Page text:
Brandon Cobb 

I got a job everyday in scrubs were surgeons. Nothing was better. And I remember coming to meet my boss at a Starbucks one Friday in June, and was actually pretty excited because the case I just had with the surgeon had gone pretty well. This hospital is doing a power trial, we might be selling him some power equipment actually got in the room and could potentially sell him some sports medicine stuff from one of our competitors. I mean, all the things were going right. And he fired me. Huh, came out of left field, I had no clue it was coming and was pretty dumb shocked by it because I'd never been fired before. I didn't really know how to take it. And I've left that meeting just in complete shock because I felt like I had done something wrong. But I didn't know that I'd done something wrong. It was just felt like I couldn't control anything.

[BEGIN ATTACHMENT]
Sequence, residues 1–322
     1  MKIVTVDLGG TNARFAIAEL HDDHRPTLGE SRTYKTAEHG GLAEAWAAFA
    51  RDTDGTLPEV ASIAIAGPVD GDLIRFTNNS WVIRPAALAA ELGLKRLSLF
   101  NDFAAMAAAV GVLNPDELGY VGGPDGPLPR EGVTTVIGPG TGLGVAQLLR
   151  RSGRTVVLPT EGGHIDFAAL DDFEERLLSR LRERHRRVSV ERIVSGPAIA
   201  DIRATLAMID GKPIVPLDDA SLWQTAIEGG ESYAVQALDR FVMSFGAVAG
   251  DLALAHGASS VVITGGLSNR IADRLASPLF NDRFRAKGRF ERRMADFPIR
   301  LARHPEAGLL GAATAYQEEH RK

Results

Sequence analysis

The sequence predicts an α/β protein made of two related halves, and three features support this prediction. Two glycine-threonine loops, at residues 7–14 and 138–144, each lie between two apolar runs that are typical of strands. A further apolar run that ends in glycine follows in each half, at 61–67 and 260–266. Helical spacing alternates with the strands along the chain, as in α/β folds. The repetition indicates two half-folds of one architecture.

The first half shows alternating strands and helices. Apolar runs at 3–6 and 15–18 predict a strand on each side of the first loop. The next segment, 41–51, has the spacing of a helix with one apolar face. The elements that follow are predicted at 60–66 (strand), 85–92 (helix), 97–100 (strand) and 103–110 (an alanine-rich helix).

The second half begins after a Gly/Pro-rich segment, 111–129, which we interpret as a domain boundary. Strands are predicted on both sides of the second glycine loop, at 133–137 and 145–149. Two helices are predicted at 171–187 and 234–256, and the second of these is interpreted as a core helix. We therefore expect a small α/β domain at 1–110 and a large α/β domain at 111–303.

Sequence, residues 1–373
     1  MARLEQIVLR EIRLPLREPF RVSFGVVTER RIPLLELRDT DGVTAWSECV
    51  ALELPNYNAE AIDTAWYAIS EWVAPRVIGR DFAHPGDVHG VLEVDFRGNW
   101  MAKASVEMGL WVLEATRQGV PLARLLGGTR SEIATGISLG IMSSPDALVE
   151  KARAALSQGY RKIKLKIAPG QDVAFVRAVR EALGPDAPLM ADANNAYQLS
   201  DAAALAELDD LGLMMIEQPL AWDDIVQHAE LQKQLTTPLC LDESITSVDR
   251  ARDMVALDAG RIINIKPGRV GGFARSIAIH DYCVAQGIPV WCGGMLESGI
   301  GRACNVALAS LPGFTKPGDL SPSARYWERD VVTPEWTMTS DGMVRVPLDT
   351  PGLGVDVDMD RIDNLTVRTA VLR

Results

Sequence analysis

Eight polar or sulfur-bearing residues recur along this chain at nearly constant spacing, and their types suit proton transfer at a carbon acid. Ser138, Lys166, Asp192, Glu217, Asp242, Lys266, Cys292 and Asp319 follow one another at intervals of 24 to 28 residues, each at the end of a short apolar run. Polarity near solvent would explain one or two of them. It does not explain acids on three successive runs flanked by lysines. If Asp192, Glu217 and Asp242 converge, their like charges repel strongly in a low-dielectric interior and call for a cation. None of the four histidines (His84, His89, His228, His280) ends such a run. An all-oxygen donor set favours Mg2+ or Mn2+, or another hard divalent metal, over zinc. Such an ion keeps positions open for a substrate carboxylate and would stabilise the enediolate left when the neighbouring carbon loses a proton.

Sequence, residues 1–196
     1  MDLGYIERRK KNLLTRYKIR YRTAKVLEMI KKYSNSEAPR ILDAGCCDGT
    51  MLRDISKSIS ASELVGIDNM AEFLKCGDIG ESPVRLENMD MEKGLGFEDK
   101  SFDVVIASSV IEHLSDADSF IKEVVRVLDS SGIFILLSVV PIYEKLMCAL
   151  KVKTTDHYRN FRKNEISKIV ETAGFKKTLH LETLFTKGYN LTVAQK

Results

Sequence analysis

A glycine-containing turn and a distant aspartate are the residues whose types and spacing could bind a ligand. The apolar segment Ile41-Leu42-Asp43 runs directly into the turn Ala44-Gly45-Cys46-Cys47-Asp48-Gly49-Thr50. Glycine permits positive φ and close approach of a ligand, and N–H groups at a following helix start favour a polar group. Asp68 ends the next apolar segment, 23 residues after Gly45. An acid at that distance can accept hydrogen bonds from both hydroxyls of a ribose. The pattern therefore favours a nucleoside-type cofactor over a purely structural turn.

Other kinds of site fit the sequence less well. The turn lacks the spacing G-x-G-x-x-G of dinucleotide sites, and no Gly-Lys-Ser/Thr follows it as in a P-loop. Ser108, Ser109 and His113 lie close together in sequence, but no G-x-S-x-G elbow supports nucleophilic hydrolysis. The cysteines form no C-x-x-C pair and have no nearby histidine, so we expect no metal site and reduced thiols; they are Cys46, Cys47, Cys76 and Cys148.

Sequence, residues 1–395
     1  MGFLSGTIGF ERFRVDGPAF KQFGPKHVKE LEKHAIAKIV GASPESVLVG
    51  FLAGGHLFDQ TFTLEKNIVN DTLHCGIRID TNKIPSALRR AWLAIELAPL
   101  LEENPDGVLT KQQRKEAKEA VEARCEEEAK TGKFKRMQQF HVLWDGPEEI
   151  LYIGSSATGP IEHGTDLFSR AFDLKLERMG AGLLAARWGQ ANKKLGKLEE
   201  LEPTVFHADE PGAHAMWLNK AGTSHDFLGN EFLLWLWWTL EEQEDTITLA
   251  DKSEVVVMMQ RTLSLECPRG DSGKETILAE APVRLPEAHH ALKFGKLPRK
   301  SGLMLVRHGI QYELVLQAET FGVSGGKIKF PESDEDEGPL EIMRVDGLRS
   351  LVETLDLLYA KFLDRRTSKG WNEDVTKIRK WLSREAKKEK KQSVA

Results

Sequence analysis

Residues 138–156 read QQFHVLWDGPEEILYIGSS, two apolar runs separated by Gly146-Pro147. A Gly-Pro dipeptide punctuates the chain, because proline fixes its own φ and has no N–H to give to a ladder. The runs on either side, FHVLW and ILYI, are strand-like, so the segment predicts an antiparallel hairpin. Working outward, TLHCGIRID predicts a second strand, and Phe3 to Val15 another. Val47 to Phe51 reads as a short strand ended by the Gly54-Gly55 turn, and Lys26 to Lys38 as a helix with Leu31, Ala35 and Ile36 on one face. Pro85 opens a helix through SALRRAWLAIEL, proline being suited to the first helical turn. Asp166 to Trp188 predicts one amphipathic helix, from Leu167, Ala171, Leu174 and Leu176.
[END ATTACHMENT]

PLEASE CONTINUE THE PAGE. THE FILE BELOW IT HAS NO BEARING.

Brandon Cobb 

And that was the day when I learned that nobody was going to look out for my financial well being you can be as loyal as you want to accompany. You can work as many hours as you want climb the corporate ladder, but the end of the day, they've got to do what's best for them. And it's no hard feelings. So that's when I turned my talents towards real estate and a few other failed business ventures real estate was the first one that took off. And yeah, the rest is history.

 

Mike Swenson 

So interesting to hear. Because I know a lot of times people, there's kind of two tracks in real estate one is I like doing what I'm doing. And I'm in real estate as a way to build kind of a secondary source of income. Maybe at some point in time, I want to get into it full time, but at least have that secondary stream of income. And then a lot of people in your shoes where it's like, yeah, I want to be my own boss, call my own shots, do my own thing. And whether it's them choosing or whether the choice was made for them to kind of nudge them into real estate. That's kind of how they get there. So when you first were kind of digging into the real estate side, what did you want to do? Or where did you dip your toes into the water to get started on real estate?

 

Brandon Cobb